I had my spray bottle of my vinegar spritz under the sink so I pulled that puppy out and doused the counters and backsplashes (the kitchen is quite large so there is a lot of territory to cover). While I let that set for a bit, I looked at the range.

This is me attacking the counters

This is me attacking the counters with my cleaning cocktail.

My mother has a Thermador gas range that has six burners and a griddle (perfect for making French toast) and two ovens (one large one for making the Thanksgiving turkeys … yes, plural) and another small one perfect for sides or when my sister feels like baking randomly (I have just recently begun my venture into baking). She is also very particular about how we clean that.

Now, I use my vinegar cocktail on the range top but sometimes a sister who shall remain nameless, decides that she will cook something (like cream of broccoli soup) on the stove but leave it unattended for a little bit. Not too long but long enough that some of it ends up under the grates. Don’t even get me started on the scalded soup pot that took TWO DAYS to loosen enough to clean thoroughly. Well, since the range top gets very hot when it’s in use, she does not wipe it up then. She usually doesn’t wipe it up at all. Instead, it gets baked on. For me to scrape off.

When that happens, I make a paste out of Bar Keeper’s friend and apply it with an old toothbrush (I have a collection of old toothbrushes that each have their own task) and hot water. I let that set for a bit and then scrub it up with said toothbrush. Most of the time, it comes off pretty well. I can’t use anything too abrasive here either because it will take the glaze off the surface and then there will have to be a Requiem Mass said for Ms. Allie.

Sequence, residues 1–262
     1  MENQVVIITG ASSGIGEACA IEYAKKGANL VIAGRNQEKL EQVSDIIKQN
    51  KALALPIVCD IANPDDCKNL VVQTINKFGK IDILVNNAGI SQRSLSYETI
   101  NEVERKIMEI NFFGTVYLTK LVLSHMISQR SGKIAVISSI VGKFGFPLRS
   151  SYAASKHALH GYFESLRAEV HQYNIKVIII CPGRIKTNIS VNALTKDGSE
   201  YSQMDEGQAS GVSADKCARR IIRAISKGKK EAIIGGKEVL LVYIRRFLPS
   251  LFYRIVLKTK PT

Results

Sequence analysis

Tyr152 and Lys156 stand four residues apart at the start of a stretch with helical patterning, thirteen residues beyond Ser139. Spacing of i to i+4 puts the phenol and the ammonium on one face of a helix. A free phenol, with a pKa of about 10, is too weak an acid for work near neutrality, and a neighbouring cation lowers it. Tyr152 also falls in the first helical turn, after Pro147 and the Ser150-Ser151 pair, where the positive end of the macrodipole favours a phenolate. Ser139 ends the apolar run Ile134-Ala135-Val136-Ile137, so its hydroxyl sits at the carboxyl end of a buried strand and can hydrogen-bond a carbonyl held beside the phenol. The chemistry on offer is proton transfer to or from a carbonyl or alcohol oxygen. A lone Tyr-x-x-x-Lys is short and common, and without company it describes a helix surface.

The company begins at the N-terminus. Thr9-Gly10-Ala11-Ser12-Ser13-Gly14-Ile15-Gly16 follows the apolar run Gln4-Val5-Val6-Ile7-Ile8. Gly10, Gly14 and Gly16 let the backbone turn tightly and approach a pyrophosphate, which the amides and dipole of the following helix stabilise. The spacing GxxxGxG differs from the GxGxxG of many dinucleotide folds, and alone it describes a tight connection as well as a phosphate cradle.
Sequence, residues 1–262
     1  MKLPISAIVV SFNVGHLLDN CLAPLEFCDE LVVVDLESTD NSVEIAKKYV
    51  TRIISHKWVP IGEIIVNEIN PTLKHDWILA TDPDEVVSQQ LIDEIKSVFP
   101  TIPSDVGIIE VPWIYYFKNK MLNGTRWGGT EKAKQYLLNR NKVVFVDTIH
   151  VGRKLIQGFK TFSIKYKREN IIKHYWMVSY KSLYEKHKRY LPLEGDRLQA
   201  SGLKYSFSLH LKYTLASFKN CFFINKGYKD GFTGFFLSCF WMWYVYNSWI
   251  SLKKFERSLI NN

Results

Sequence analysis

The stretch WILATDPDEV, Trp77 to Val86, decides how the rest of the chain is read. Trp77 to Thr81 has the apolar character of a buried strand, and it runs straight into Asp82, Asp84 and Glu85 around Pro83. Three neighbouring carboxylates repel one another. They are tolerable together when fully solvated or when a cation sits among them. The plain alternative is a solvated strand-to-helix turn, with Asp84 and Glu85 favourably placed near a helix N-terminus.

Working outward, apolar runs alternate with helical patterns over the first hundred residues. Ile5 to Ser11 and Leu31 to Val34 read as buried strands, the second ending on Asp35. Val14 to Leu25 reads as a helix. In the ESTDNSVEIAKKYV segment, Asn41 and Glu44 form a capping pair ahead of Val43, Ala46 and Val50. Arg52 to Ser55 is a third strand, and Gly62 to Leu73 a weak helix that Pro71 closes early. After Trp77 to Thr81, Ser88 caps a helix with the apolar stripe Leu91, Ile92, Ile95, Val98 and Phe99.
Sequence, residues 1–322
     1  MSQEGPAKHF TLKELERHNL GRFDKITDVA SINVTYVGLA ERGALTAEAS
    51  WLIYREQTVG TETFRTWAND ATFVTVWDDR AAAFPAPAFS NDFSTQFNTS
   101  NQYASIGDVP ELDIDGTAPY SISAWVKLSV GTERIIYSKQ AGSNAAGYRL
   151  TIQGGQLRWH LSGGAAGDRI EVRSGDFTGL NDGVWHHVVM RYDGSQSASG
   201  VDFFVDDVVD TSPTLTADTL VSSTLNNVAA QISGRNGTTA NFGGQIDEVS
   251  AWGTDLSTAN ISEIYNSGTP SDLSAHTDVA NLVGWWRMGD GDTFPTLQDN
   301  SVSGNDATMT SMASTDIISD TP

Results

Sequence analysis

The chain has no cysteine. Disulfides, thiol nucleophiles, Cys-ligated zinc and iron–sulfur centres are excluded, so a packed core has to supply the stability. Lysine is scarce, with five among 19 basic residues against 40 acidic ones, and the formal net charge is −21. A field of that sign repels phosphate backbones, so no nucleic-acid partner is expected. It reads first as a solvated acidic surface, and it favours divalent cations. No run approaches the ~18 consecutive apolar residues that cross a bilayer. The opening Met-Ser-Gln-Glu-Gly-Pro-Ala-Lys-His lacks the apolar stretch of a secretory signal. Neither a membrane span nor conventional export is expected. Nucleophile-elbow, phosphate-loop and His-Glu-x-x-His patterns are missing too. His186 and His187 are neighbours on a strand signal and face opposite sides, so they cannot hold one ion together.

Thank the Lord I had just done that not long before and no one had ventured into the world of “Let’s see how baked on we can get this crap to see how ticked off Allie gets as she mutters things under her breath!”. All I had to do was a bit of a wipe-down with vinegar (the kitchen smells like salad dressing by the time I am done with it) to get the stainless shining.

Having done that, I got back to the counters. Wiped those babies down with paper towel and shined them up real nice.

Mind you, while I am doing all of this, I am also texting a college friend of mine (and not just one sentence responses). I try to use proper grammar and I spell out the words. No “text speak” for me outside of “lol.” English may be a barbaric Germanic language but it’s our mother tongue so we have to show her some respect. I have an addiction to multitasking in case you have not noticed.

Having done the dishes, the range, and the countertops and backsplashes I moved onto the big kahuna: the hardwood floor. My great nemesis.

I used to clean the hardwood sanctuary of the chapel every week so I have the cleaning of hardwood down to a science. At SJA, I used to use Murphy Oil Soap but since I did not have enough to give the floor the cleaning it deserved, I went back to my old stand-by: vinegar. I do love the smell of Murphy Oil Soap. My pastor used to say that he could tell whenever I had just cleaned the chapel because it always smelled like Murphy’s, Pledge, and Silvo (quite a fragrant bouquet).

I moved all the chairs out of the room, got the Swiffer out and began to consolidate all the loose stuff to a pile that I could sweep up and get rid of of. That alone is a task because the floor is so big and there are so many nooks and crannies in which stuff can hide (not to mention the occasional spider of death, doom, and ewww!).

Sweeping with one hand and texting with another (trust me, I am thorough), I got it all together, swept it up, and threw it out. You could tell we had just had my nephew for the weekend: little pieces of cereal were in my pile.